The size and frequency of cyber-attacks and data breaches have been increasing in recent years, costing UK businesses big money.
Recent research shows that for mid-market businesses alone, the costs associated with these attacks have reached at least £30bn a year.
Unsurprisingly, most UK businesses are bolstering their own risk mitigation strategies in response.
However, a survey undertaken as part of the government’s National Cyber Security Programme reveals that while businesses are showing a clear desire to protect customer data, trade secrets and intellectual property – particularly following the introduction of GDPR – many fail to appropriately mitigate one major cyber security risk: their third-party suppliers.
The Risk posed by Third-party Suppliers :
While many businesses have developed robust internal risk management strategies – ranging from technological defences to cyber security training – focusing only on internal risk mitigation is not enough.
Most organisations work with a wide range of third-party suppliers and partners, many of which have some degree of access to company data and internal systems. If not managed appropriately, these relationships can expose significant security weaknesses.
Cyber criminals know that the potentially weaker security practices adopted by a business’s third-party suppliers can open a backdoor to sensitive systems and information – making it vital that organisations extend security planning to factor in third-party risk.
Perhaps the most infamous cyber breach caused by a supplier was suffered by Target in 2013. The US retailer eventually had to pay out $18.5m after cyber attackers gained access to its computer gateway using credentials stolen from a third-party supplier – accessing the customer payment card accounts of 41 million customers.
How can Businesses mitigate Cyber Risk?
There are a number of steps that businesses should take to minimise cyber risk at every stage of a supplier relationship.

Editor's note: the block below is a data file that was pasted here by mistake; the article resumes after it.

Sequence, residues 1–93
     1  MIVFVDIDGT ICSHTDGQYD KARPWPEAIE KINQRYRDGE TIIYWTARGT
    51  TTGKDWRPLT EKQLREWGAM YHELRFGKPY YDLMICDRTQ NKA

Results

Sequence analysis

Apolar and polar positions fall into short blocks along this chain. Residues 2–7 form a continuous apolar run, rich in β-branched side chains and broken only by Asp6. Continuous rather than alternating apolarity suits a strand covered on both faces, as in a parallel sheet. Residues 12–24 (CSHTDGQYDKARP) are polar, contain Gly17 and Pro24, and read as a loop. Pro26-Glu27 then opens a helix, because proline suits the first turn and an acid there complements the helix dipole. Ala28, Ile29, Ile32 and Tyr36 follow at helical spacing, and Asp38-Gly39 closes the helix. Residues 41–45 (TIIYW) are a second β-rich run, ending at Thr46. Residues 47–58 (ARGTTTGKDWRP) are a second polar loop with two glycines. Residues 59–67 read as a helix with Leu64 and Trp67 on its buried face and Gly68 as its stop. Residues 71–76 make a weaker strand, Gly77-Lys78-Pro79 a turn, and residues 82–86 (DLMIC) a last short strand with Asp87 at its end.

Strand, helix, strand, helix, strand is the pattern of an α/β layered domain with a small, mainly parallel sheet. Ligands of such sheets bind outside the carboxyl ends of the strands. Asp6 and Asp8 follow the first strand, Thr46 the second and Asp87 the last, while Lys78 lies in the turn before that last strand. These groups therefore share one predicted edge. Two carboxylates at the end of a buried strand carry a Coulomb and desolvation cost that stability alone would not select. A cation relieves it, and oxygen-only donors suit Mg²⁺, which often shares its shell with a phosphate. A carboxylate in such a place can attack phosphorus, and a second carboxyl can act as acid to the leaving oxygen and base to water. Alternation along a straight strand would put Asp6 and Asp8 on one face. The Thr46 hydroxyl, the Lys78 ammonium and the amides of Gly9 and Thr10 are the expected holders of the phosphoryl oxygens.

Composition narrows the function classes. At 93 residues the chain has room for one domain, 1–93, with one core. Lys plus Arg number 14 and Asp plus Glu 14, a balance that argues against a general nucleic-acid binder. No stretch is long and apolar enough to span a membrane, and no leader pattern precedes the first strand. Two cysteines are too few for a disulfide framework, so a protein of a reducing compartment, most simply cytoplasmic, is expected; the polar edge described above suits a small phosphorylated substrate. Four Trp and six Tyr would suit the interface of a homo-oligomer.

Reducing the chance of a data breach starts with making third-party security considerations a fundamental part of the procurement process.
Asking suppliers to provide information on their cyber resilience policies – adherence to GPDR, for example – is a great way to start. This makes it far easier to bring in suppliers that meet with recognised standards, such as the ISO 27001 certification for IT security management, or government-endorsed Cyber Essentials accreditation.
Once the procurement process is complete, it is important to comprehensively map who has access to information and plot the flow, exchange and storage of critical organisational data by and with third-parties.
This aids the adoption of appropriate risk mitigation strategies, ranging from firewalling, malware protection and regular software updates, through to listing all users with admin rights and sharing best practice for staff training and health checks.
During the course of a relationship, businesses should continue to hold their vendors to account. There are a number of ways to do this, from asking suppliers to complete self-assessments, through to regular audits and penetration testing of a vendor’s systems. The approach taken will depend on the sensitivity of the data and systems shared.
It is just as important to understand how sensitive data will be handled after a relationship ends. While many businesses will take strong steps to understand how information will be handled during the course of a supplier partnership, it is equally important to establish what actions will be taken to delete or safeguard this data once a partnership has been terminated.
In 2018, ticketing and events business Ticketmaster UK revealed that the personal and payment details of around 5% of its global customer base had been compromised. The source of the data breach was found to be malicious software on a customer support product provided by a third-party supplier to Ticketmaster. Following the breach, Ticketmaster was named in a £5m lawsuit filed on behalf of the company’s affected customers.
Planning for the worst
It is impossible to completely eliminate the chances of a data breach or cyber-attack, either directly or against a supplier. For this reason, it is important to factor third-party risks into a cyber incident response plan. The aim of this plan should be to minimise damage and expenses related to a breach and minimise disaster recovery time. With the chances and potential damaging effects of a cyber-attack or data breach mounting every year, it is increasingly important that businesses build robust third-party data security approaches.